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Science and Art: From brightest to blackest carbon

What do you get when you coat a $2 million fancy yellow diamond with carbon nanotubes which absorb more than 99.96% of all light?

Brightest to blackest carbon

Conceived by artist Diemut Strebe and titled “The Redemption of Vanity,” the disappearing diamond is a 16.87 carat natural Fancy Vivid Yellow SI1 Radiant shape from color diamond specialist L.J. West Diamonds Inc. of New York. The patented carbon nanotube technology (CNT) was developed by Professor Wardle and his necstlab lab at MIT, absorbs more than 99.96% of light and is the blackest material in existence. The New York Times covered this groundbreaking discovery in detail. This marriage of science and art was displayed at the New York Stock Exchange near the end of 2019.

Photo credit: The Redemption of

Strebe describes the vivid transformation.

Any object covered with this CNT material loses all its plasticity and appears entirely flat, abbreviated/reduced to a black silhouette. In outright contradiction to this we see that a diamond, while made of the very same element (carbon) performs the most intense reflection of light on earth. Because of the extremely high light absorbtive qualities of the CNTs, any object, in this case a large diamond coated with CNT’s, becomes a kind of black hole absent of shadows.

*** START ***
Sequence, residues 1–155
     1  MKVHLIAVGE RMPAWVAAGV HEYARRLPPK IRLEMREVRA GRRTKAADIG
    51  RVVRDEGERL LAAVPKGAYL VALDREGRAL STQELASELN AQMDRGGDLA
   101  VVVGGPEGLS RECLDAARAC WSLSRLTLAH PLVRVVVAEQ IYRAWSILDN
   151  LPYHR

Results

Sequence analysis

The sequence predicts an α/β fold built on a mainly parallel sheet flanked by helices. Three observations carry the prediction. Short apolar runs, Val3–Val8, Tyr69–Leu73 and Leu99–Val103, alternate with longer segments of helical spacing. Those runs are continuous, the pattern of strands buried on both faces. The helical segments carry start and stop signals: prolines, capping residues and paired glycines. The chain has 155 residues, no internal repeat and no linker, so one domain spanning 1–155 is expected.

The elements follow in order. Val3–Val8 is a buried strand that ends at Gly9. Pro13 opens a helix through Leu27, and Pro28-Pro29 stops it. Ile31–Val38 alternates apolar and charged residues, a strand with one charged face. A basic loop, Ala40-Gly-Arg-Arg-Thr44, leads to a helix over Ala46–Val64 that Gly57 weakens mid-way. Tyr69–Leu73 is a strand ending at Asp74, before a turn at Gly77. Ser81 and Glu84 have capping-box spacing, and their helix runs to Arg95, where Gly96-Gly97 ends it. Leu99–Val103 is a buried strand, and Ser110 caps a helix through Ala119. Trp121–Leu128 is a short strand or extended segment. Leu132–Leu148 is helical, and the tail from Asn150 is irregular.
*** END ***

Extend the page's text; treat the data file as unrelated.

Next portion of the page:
Strebe, a German artist who has spent her career mixing science and art, next describes the inspiration for the transition of a beautiful diamond from its pinnacle of brightness to absolute darkness:

The project explores material and immaterial value attached to objects aScience!nd concepts in reference to luxury, society and to art. We are presenting the literal devaluation of a diamond, which is highly symbolic and of high economic value. It presents a challenge to art market mechanisms on the one hand, while expressing at the same time questions of the value of art in a broader way. In this sense it manifests an inquiry into the significance of the value of objects of art and the art market.

Full video

To learn more about this marriage of art and science, check out this 4-minute video covering The Redemption of Vanity, Strebe and Wardle from Business Insider’s Amber Bragdon and Benji Jones.

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